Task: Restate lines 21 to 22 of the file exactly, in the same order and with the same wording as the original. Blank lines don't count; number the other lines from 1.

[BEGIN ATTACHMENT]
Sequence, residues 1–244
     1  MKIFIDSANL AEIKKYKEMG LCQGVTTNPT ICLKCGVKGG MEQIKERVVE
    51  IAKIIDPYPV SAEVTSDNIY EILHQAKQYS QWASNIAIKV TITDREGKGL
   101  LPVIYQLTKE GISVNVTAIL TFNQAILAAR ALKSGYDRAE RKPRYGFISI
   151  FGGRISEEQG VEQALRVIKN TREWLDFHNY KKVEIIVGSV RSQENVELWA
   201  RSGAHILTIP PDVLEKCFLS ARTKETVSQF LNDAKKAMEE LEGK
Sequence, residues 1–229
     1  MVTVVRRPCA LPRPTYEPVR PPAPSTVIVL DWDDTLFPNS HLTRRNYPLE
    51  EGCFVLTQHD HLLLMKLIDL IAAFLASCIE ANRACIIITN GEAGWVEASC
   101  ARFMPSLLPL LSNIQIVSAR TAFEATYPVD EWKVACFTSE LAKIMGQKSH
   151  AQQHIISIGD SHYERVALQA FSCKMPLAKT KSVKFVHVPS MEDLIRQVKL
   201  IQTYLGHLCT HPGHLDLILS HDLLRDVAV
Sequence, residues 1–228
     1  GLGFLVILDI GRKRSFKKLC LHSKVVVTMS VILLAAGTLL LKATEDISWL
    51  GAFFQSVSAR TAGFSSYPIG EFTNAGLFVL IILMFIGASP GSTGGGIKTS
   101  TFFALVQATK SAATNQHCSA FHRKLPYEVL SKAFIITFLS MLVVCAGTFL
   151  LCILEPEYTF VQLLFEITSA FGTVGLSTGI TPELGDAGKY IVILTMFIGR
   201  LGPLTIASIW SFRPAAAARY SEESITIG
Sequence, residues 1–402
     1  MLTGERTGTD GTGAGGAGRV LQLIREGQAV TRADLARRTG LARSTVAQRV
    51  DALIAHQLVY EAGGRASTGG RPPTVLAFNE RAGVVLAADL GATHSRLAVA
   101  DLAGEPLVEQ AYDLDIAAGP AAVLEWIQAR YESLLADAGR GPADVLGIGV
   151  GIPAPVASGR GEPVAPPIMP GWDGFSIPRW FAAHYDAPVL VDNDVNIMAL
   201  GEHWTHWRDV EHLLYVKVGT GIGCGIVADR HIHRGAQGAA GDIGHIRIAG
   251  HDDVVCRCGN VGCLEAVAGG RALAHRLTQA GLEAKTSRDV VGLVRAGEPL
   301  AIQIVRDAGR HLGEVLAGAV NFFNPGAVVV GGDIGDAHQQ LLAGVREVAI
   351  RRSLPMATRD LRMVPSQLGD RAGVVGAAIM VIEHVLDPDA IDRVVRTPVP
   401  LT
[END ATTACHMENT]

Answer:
    51  DALIAHQLVY EAGGRASTGG RPPTVLAFNE RAGVVLAADL GATHSRLAVA
   101  DLAGEPLVEQ AYDLDIAAGP AAVLEWIQAR YESLLADAGR GPADVLGIGV